Section 13: Night - Chapter forty

Synopsis of chapter forty

After returning with the Commander, Offred waits in her room. At midnight, Serena Joy arrives to take her to a secret assignation with Nick, as they had arranged. Offred goes up to Nick's room above the garage and they make love - or at least have sexual intercourse; Offred gives two different versions of this encounter, and then tells us that neither is accurate.

Commentary on chapter forty

a blue shape, a red shape ... Myself, my obverse - as before (for example, see chapter 31) Offred at such moments sees Serena Joy as a kind of double, or counterpart, of herself. (See also Themes and significant ideas > Doubling.)

The blanket … says U.S. – This is an exact parallel of Offred's bed at the Rachel and Leah Centre - see chapter 1. It reminds us that Nick, although apparently a person with much more freedom than Offred, is also trapped by the régime. Clearly the Republic of Gilead exists in what was once the United States of America.

Already … I'm alive in my skin - In the first of her versions of her sexual encounter with Nick, Offred suggests the joyful sensation of being lovingly touched and a sense of real emotional exchange. (See Themes and significant ideas > Human relationships.)

I made that up. It didn't happen that way - Although similar in some ways to the first account, this version suggests a much more tentative encounter, where emotion does not really enter into the physical negotiation between them.

some acknowledgement that he too is human - As with the Commander at Jezebel's, Offred is aware that the sexual act without emotion is dehumanising. By juxtaposing the two encounters with the Commander and Nick Atwood makes us even more aware of this.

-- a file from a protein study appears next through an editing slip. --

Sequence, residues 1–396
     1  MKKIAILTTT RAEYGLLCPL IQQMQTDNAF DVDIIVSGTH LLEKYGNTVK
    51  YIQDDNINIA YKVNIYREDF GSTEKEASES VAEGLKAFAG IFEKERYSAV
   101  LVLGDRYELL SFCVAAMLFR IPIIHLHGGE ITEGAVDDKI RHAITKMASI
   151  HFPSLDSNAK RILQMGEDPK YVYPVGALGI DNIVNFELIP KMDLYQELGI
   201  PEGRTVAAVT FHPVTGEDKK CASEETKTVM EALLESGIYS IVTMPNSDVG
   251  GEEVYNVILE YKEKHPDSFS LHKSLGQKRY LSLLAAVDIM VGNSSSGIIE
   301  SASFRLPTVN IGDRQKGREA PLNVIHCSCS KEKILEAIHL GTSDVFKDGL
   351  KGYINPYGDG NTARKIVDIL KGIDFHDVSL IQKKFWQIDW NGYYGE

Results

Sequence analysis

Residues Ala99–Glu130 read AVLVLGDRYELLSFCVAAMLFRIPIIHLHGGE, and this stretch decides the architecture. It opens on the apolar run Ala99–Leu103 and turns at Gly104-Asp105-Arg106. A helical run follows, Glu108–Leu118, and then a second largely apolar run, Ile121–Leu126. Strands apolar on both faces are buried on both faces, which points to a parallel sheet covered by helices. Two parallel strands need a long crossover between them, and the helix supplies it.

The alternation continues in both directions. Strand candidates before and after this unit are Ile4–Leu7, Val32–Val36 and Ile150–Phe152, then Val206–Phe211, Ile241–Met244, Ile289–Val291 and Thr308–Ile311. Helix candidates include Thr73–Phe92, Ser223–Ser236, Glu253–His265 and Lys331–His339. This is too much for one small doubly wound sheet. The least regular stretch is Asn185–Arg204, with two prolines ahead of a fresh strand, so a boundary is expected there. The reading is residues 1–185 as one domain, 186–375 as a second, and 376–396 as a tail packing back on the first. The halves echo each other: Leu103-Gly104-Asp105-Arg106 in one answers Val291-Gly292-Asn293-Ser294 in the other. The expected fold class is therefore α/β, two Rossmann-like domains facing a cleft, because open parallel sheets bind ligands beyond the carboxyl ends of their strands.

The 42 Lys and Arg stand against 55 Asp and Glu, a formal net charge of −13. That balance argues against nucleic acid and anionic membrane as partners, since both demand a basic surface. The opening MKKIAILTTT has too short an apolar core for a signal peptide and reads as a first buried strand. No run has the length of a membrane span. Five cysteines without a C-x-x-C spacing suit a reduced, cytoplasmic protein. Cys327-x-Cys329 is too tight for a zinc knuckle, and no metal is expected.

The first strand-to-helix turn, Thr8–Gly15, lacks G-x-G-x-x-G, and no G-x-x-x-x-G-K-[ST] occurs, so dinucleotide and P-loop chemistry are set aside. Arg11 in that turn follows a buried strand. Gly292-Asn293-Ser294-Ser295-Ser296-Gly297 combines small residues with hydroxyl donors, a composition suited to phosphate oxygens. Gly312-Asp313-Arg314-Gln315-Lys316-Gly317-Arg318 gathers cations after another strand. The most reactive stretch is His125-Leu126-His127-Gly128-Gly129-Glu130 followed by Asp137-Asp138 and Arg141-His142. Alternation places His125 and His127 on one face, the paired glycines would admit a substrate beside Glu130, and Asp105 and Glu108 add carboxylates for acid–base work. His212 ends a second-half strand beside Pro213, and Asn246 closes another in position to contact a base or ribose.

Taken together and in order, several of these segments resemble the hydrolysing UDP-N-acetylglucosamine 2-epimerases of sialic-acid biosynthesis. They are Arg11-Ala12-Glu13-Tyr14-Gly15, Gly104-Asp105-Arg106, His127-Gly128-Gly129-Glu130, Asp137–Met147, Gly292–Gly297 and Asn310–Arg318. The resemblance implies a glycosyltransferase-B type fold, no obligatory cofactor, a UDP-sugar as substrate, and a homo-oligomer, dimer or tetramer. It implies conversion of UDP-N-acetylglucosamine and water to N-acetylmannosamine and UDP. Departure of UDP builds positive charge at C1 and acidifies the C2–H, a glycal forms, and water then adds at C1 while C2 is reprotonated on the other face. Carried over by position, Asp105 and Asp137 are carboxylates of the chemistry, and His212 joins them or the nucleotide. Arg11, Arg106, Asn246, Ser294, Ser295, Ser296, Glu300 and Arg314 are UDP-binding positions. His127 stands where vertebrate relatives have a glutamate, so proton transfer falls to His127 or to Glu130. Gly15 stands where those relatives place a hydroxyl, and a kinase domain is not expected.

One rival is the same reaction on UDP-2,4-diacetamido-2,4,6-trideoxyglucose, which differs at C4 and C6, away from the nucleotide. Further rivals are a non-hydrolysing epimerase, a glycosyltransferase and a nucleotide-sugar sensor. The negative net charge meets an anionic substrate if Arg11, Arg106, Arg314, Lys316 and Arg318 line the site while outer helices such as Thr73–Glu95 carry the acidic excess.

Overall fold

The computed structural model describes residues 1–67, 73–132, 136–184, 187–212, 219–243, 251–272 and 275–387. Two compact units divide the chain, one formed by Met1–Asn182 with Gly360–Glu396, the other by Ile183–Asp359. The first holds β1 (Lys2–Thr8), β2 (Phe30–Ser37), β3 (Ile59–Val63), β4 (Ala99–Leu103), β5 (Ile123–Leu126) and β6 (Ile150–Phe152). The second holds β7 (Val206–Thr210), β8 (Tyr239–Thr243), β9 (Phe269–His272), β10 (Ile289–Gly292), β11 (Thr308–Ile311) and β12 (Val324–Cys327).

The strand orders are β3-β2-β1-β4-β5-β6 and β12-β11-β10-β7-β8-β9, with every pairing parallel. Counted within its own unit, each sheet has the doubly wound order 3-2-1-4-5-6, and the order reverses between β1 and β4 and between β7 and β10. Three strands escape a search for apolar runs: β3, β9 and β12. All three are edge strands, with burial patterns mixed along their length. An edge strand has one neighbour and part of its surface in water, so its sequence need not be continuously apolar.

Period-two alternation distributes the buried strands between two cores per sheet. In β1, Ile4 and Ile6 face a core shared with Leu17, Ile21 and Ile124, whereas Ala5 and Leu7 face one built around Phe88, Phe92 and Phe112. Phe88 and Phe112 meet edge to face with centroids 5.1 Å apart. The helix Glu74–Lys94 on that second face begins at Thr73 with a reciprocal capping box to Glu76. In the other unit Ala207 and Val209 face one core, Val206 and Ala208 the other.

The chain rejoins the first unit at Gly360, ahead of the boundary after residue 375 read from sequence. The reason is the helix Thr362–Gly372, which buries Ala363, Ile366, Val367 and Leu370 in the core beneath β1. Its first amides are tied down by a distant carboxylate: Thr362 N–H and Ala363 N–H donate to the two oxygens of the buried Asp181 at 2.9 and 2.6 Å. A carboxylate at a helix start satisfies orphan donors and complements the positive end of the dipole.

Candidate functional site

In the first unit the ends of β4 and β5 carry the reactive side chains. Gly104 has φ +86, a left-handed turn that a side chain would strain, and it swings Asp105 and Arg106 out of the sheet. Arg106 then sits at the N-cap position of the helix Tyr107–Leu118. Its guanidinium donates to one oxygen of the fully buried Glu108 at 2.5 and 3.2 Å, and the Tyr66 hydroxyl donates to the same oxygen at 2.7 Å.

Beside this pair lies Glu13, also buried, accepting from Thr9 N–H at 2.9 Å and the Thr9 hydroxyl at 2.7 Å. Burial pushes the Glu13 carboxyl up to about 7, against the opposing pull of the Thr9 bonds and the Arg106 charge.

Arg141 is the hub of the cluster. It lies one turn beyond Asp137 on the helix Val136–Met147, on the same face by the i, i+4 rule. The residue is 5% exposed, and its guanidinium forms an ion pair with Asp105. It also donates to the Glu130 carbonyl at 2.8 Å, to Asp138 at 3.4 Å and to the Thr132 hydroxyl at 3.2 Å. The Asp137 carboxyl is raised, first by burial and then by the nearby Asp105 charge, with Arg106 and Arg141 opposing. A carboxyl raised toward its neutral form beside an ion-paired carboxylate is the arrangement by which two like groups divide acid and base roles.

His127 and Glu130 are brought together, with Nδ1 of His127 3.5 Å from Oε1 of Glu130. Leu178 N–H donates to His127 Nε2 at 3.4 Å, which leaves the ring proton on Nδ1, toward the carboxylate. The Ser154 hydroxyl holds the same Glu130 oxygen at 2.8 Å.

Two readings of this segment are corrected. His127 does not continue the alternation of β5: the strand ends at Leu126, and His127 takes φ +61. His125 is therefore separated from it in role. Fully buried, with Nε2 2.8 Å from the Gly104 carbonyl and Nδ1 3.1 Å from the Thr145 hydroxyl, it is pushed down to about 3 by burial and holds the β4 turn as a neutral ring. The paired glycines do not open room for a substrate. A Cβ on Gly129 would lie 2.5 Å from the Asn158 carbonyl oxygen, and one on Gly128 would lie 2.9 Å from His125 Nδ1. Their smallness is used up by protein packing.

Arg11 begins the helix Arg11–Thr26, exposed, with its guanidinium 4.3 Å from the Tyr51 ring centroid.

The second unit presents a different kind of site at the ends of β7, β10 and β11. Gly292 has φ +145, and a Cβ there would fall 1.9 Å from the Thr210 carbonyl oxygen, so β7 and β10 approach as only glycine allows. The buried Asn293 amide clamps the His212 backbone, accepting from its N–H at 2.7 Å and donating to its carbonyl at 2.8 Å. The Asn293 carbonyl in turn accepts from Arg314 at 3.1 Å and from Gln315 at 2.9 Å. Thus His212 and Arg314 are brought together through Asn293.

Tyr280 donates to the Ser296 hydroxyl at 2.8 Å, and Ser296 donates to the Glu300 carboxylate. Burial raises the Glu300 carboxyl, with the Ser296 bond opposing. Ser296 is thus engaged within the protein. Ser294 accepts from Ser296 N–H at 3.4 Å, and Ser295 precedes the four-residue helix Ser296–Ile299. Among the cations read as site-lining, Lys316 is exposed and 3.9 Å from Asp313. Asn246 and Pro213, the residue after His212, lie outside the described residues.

You come here often? ... And what's a nice girl like you doing - As Offred goes on to say, ‘We're quoting from late movies, from the time before.' In the absence of real emotion, ‘this corny and falsely gay sexual banter' is the best they can do. However, she is also aware that such clichés are no substitute for real feeling, and are in fact only trying to cover up the sadness of lack of love.

Abstinence makes the heart grow fonder - a pun on the actual cliché, ‘Absence makes the heart grow fonder'.

It didn't happen that way either - Offred has given another version but even that is not a ‘real' account. This reminds us that the whole novel is a construction on various levels: not only is it all Atwood's invention but, within that framework, she makes it clear that Offred's story is very much a re-constructed account. (see especially the last section of the novel: Historical Notes). Now, within that re-construction, Offred reminds us that her narrative is not reliable, since it is not possible to know, or to explain, exactly how love feels.

All I can hope for is a reconstruction - ironic, since at the end of the novel this takes on a second meaning: Offred herself is ‘reconstructed' by Professors Wade and Pieixoto.

Investigating chapter forty

  • Atwood is always alert to nuances of language and the importance of being aware of shades of meaning. Here Offred says that using the clichéd language of romance, such as that used in old movies, was a way ‘to keep the core of yourself out of reach'. The same has been noted of the use of euphemism in journalism and politics, where language may conceal the real significance or horror of events.
    • Look at some current stories in magazines and newspapers, deciding where real meaning is obscured by the use of cliché and euphemism
    • If you prefer, look up these terms on the internet and note the examples given.

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